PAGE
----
We’ve been knocking heads more than usual these days. As a mom of teen people transitioning into young adults, I’ve been anticipating some friction. I was sorry, however, for the timing. In the middle of putting out some surrounding fires I became short with her. I’ve coached my kids to set me up for a “yes” whenever possible, that’s my heart as a parent.
I’d prefer avoiding dishing out a “no” whenever I can. Occasionally, we need to find a middle ground when I’m not comfortable with the “ask.” That day much to her dismay, I was tired. A quick “no” was easy to dispense. Putting out the fires of everyday life can be exhausting, and I was ready to scream, “Calgon take me away.” That’s when she approached me with her request.
It wasn’t altogether unreasonable, yet as she pushed against my boundaries of comfort, I pushed back. “Push back” is that a term in your home? I laugh sometimes when people share their stories of “sass” from their kids. My typical response is… “have you met my 6’5″ son? I’m a pro at push back.” Preschoolers have no chance against me. Usually, I’m the one getting the “push back” this was my rare occasion to dish it out.
She was handling it well. There was a game of tug of war being played which required her to be assertive. I’ve coached my kids to be assertive. It takes courage to be assertive.
I want them to “ask.” I don’t want them to be held back by fear. They’ve just got to be ready to handle a “no.” This is hard for many adults. Myself included. Often times I think we can misappropriate a “no” and add it to our “rejection” list. It’s hard not to personalize everything in life. A “no” can simply be that…”no.” It can have nothing to do with you. A “no” can be birthed in a variety of ways; the timing’s not right, the need doesn’t fit, or it’s just flat out not comfortable to give a “yes.”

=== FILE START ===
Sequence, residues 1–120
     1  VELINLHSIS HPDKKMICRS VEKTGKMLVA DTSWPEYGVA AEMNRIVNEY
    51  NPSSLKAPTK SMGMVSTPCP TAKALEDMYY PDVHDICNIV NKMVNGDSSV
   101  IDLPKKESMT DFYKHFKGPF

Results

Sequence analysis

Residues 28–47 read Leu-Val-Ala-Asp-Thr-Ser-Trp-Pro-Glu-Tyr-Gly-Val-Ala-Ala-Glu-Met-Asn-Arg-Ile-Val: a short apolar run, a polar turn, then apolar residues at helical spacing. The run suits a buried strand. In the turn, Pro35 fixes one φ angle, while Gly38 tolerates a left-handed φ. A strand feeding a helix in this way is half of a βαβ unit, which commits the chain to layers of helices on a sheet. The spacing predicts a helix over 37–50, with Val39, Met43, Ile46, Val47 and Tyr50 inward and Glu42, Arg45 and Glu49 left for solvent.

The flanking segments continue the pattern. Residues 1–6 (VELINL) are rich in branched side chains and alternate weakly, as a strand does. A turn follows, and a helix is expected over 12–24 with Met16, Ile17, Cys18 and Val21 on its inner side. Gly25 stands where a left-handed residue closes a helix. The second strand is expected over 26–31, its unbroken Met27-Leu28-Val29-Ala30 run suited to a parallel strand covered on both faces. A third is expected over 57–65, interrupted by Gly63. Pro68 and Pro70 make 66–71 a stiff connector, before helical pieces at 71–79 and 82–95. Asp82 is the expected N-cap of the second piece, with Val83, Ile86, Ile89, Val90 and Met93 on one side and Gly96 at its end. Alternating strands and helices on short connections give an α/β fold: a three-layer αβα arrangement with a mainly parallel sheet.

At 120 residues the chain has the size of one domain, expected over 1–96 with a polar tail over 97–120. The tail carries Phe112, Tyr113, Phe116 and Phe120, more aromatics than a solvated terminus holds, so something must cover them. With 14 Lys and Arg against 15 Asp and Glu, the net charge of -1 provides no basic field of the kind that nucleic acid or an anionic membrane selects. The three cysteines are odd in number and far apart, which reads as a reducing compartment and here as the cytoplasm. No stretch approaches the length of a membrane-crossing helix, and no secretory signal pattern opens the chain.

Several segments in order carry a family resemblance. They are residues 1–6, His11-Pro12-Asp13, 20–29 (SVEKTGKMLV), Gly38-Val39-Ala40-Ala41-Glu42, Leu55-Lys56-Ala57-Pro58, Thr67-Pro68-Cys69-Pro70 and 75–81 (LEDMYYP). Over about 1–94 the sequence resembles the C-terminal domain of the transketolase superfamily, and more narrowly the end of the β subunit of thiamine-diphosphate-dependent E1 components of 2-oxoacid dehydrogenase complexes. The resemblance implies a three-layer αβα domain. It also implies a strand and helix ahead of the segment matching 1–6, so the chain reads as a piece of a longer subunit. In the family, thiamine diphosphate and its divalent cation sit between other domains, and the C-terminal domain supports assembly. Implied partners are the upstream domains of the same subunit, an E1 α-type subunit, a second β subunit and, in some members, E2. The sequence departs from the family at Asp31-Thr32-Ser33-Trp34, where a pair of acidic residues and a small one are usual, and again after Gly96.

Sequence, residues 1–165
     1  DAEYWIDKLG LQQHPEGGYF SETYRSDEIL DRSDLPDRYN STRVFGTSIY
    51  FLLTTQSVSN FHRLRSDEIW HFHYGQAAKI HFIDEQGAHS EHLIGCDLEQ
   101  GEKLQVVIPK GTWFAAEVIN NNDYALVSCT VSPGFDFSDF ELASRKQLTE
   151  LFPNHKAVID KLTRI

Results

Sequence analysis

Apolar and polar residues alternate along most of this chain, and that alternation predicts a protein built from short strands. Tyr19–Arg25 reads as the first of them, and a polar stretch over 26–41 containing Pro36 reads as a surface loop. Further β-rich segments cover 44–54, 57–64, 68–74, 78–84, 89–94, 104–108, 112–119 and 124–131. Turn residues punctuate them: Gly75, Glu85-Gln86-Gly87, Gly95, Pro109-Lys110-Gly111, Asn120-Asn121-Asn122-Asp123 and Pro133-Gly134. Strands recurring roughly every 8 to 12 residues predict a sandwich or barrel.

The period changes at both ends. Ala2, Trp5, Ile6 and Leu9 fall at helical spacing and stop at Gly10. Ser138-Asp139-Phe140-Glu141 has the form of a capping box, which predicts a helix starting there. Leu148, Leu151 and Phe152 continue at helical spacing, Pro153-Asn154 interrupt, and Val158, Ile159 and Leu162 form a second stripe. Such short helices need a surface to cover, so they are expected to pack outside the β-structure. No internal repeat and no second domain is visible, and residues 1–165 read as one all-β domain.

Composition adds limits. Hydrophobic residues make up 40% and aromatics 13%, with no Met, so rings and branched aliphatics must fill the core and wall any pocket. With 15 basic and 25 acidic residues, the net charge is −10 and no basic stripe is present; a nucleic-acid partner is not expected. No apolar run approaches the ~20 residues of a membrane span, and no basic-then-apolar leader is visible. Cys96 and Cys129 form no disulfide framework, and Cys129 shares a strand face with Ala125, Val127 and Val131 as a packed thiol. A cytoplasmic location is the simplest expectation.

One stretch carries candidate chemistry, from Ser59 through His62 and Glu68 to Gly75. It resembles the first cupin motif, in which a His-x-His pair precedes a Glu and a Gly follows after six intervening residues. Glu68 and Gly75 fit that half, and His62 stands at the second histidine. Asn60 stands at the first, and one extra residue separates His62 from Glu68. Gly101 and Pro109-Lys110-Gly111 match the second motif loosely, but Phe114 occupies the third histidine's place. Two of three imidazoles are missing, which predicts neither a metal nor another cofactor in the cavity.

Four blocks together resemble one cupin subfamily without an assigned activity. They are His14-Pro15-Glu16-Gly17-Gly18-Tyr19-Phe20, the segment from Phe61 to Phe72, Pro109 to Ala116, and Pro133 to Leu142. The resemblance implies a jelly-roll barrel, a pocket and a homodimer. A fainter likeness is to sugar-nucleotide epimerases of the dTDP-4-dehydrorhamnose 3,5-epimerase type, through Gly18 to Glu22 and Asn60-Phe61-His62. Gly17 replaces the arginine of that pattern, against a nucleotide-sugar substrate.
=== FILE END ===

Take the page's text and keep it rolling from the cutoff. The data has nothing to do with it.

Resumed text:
I used to tell my kids that when I checked out of the hospital when they were each born, that with them I also received 1 million “nos.” “No” is the word we use to create boundaries. Boundaries with ourselves (no ice cream Melissa.) Boundaries with others (no thank you…salesperson.) “Push back” on the other hand can help us find a “yes” when “no” seems wrong.
Like I said, I didn’t want to say “no,” I just wasn’t comfortable with saying “yes.” Ultimately, through “pushing back” on her request, forcing her to edit her request until we could both be satisfied with the solution, she presented an option that yielded a “yes.”
I’m seeing both of my teen people grow in this area lately, and it makes me smile. They are about to leave the comfy confines of our family nest and I want them prepared. The world is tough. I’ve spent countless hours trying to mold and shape them with thoughts about leadership, purpose, and choice. This sadly, has not been the case for the vast majority of their contemporaries. In order to live the life they desire, they will need to lead up, down, and from side to side – create their own territory, navigate their own way. I’m not ashamed to have trained them to stand up for themselves in a chaotic world. Who knows maybe they’ll even show others the way. I want them to be strong and courageous, these are the kind of humans we need more than ever.
Be strong and courageous – and assertive this week my friend.